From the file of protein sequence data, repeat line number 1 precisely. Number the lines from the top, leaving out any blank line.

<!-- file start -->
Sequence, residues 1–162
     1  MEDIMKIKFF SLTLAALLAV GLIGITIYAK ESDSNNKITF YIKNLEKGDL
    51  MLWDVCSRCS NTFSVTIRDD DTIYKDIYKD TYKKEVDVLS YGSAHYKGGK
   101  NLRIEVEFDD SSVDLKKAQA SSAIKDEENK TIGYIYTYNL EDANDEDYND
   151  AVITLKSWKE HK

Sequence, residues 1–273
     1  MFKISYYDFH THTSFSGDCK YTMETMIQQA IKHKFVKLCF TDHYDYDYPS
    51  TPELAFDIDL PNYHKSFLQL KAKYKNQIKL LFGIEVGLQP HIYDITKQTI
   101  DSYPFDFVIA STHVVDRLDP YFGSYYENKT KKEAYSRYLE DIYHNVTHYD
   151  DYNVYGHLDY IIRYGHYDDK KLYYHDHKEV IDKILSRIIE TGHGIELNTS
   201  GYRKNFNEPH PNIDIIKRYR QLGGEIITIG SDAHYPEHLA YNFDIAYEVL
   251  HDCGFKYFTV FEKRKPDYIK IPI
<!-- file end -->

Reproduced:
Sequence, residues 1–162